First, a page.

So we should be very clear also in response; they should be denied any seat at the table of reform. While starting to at least admit the possibility might seem to be something, it is far too little and much, much too late. Economists and central bankers have disqualified themselves for participation in the project. It’s not like the monetary system’s change and evolution was something that just happened overnight; it was right there for them to see all along, not the least of which was everything that has happened since August 2007. They have even talked about in at least vague and general terms for decades, only to dismiss it every time as of no great importance.

Once the people’s mindset changes, what they will find in especially Federal Reserve conduct could border on criminal neglect. There was Greenspan’s warning in June 2003 that perhaps the banking world had indeed changed in a meaningful way, and that monetary capabilities might need to be more carefully examined before they had to be used as in the Japanese experience. Three years before that, Alan Greenspan admitted right in the FOMC transcripts that the Fed had no idea what modern money even was:

The problem is that we cannot extract from our statistical database what is true money conceptually, either in the transactions mode or the store-of-value mode. One of the reasons, obviously, is that the proliferation of products has been so extraordinary that the true underlying mix of money in our money and near money data is continuously changing. As a consequence, while of necessity it must be the case at the end of the day that inflation has to be a monetary phenomenon, a decision to base policy on measures of money presupposes that we can locate money. And that has become an increasingly dubious proposition.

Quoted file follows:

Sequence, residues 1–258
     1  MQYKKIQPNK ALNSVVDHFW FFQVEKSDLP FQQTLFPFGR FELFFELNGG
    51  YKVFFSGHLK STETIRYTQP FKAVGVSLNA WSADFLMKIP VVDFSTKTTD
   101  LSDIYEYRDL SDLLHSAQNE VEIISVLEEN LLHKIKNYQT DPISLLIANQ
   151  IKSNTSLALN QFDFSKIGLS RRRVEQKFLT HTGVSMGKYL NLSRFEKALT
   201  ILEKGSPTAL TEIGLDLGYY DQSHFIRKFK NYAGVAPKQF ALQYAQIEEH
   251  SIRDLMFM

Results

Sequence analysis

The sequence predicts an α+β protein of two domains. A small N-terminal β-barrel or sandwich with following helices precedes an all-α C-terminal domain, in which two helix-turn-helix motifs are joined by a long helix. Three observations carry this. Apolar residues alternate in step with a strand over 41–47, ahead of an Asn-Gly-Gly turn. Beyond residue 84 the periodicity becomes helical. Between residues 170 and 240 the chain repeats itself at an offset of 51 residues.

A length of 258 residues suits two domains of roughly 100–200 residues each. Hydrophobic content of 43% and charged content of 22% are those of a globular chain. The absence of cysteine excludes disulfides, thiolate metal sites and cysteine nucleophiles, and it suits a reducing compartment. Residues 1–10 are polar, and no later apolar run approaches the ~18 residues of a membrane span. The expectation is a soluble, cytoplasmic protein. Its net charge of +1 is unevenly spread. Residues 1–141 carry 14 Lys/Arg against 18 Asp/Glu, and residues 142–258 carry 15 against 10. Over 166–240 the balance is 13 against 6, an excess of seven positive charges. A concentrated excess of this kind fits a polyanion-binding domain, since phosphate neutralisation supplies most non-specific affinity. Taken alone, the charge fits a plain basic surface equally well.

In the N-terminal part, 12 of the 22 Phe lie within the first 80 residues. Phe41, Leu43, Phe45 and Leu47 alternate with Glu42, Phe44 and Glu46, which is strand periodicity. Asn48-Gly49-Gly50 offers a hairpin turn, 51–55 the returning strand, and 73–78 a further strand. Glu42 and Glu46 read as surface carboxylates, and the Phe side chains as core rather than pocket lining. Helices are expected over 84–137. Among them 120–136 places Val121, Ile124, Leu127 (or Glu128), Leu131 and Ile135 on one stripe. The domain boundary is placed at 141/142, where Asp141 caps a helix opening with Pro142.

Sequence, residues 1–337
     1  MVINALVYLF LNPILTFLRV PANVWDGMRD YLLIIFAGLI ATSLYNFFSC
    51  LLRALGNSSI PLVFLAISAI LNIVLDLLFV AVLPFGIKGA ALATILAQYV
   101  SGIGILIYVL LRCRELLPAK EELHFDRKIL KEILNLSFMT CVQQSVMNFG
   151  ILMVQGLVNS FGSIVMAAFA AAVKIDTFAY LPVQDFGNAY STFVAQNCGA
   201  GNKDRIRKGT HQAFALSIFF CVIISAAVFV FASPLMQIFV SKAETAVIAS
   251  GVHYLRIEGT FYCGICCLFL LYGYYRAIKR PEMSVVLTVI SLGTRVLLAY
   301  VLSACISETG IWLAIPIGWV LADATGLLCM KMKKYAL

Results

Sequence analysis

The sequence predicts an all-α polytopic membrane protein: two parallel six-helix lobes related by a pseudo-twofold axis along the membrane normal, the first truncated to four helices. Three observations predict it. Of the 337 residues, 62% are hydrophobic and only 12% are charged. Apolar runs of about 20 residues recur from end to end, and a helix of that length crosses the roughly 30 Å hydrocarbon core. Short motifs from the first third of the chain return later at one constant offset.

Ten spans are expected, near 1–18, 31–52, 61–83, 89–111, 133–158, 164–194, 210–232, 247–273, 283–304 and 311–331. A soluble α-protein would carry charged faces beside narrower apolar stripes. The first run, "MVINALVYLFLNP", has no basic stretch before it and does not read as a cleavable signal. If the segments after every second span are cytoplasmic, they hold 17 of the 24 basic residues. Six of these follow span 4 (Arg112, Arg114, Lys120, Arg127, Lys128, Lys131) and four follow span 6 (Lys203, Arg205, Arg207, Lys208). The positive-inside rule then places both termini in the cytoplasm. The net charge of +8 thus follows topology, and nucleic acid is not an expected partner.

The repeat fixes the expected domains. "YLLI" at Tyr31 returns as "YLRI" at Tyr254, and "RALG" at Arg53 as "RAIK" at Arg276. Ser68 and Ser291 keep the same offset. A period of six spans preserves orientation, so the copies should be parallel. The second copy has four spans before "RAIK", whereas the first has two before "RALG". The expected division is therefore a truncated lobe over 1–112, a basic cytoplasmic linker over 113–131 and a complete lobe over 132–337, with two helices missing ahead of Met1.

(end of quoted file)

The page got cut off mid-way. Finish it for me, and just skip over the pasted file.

Did the Fed expend every resource to rectify this knowledge gap? No; emphatically no. Quite the opposite as they openly proved in discontinuing M3 in March 2006, writing in the official press release that the “costs of collecting the underlying data and publishing M3 outweigh the benefits.” Any institution that made such judgment only a little over a year before the repo and eurodollar markets blew up should be prohibited from all discussions going forward.

There is a world waiting to be rebuilt and a growing realization from even the most recalcitrant orthodoxists, those stubborn elite who denied all this for decades, that such a job is going to get done. We are moving past “if” and finally toward “when.” They are not interested in litigating past liability, only ensuring that they have a voice in that outcome. That should never happen; they had their chance, squandered it, and proved themselves unfit for the huge task ahead that was left to us by nothing more than Lord Acton’s axiom about power corrupting. A republican democracy needs no such people in positions of influence. They couldn’t be trusted to do what was right, and now we are left still to tally the costs of such blatant immorality.

The only positive that will come out of this changing tone and softening stance is that it will finally crystallize all the various threads that have been aligned against true reform, including and especially the idea that monetary policy as it is would still be an option. As I write for tomorrow: